Knotty by Nature

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photos by:
April 3, 2010

In snowy Sweden, where pine planks and the democratic design incubator Ikea reign supreme, a local architect pays homage to his patrimony, making a small, slatty home feel like a rather big deal. 

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  Per Bornstein’s house sits on a hill between a large forested park and Gothenburg’s former industrial area. Much of the surrounding area awaits design as thoughtful and lovely as this home built on a previously abandoned lot.  Photo by: Pia Ulin
    Per Bornstein’s house sits on a hill between a large forested park and Gothenburg’s former industrial area. Much of the surrounding area awaits design as thoughtful and lovely as this home built on a previously abandoned lot.

    Photo by: Pia Ulin

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  The facade is punctured by a variety of differently sized windows: Those flush to the wall indicate the house’s public rooms, while the those for the private spaces are set back.  Photo by: Pia Ulin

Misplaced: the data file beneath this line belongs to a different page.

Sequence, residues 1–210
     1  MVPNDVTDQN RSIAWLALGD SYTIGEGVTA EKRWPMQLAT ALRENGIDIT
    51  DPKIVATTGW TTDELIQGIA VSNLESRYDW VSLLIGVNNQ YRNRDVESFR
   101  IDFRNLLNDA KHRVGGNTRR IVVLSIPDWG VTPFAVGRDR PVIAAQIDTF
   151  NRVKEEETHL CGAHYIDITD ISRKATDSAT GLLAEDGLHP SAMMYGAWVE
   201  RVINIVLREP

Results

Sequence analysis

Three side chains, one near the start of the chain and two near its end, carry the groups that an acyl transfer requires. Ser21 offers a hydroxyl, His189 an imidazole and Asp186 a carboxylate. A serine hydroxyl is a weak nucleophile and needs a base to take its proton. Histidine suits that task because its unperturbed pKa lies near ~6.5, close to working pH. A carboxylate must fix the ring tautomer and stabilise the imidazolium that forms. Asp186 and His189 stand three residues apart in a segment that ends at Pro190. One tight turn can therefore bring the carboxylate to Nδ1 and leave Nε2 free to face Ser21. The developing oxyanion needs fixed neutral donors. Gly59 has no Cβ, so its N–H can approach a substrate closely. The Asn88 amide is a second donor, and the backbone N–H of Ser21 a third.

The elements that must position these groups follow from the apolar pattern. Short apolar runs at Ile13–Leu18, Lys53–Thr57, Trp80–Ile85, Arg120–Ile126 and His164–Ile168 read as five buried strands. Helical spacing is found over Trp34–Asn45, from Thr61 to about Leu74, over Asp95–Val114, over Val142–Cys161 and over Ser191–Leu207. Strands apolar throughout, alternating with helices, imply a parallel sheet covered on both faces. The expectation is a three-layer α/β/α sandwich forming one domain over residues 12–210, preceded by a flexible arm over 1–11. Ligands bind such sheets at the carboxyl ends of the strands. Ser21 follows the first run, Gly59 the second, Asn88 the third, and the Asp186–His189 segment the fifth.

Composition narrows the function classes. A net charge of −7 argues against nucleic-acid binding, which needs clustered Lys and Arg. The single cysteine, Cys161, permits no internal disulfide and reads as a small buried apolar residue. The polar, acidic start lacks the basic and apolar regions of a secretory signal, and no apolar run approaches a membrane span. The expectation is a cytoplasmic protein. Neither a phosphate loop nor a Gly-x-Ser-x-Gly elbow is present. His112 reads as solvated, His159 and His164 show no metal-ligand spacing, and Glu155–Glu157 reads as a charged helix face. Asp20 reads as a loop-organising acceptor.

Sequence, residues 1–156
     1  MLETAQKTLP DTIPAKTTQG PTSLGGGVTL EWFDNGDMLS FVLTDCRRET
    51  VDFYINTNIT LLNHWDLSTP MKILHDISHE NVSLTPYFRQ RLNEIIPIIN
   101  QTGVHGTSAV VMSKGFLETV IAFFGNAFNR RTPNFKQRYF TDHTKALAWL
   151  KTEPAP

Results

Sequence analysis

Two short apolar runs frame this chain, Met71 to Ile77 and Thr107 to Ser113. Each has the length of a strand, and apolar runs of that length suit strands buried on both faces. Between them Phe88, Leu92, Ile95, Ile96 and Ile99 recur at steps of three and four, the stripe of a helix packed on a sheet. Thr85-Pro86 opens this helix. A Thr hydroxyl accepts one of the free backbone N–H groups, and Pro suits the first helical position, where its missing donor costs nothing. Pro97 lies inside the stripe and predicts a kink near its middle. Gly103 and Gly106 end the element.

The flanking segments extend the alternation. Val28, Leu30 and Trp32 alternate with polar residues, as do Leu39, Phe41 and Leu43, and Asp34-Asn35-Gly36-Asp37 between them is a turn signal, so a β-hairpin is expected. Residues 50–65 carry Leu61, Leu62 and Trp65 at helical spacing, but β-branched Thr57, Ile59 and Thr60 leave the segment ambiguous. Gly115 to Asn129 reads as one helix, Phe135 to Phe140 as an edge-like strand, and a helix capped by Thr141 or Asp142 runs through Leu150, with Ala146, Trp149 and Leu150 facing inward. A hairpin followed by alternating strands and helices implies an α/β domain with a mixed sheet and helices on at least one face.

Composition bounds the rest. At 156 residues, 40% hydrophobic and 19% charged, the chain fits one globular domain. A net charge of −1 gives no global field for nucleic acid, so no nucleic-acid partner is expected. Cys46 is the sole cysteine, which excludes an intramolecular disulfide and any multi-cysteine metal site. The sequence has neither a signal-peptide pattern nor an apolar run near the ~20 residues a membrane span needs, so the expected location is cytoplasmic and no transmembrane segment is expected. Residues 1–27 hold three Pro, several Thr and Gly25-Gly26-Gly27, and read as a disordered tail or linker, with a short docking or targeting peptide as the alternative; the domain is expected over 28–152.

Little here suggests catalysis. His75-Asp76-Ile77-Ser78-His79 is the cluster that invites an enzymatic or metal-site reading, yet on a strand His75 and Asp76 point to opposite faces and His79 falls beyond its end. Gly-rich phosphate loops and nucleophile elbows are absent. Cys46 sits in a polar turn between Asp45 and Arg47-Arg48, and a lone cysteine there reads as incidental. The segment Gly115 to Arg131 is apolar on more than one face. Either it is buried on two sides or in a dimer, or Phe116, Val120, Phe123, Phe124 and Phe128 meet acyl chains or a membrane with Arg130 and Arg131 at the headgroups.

The facade is punctured by a variety of differently sized windows: Those flush to the wall indicate the house’s public rooms, while the those for the private spaces are set back.

    Photo by: Pia Ulin

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  Architect Per Bornstein and his daughter Velma relax in the living room. The woodburning stove was a second-hand store find.  Photo by: Pia Ulin
    Architect Per Bornstein and his daughter Velma relax in the living room. The woodburning stove was a second-hand store find.

    Photo by: Pia Ulin

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  Exposed pine dominates the downstairs reception area.  Photo by: Pia Ulin
    Exposed pine dominates the downstairs reception area.

    Photo by: Pia Ulin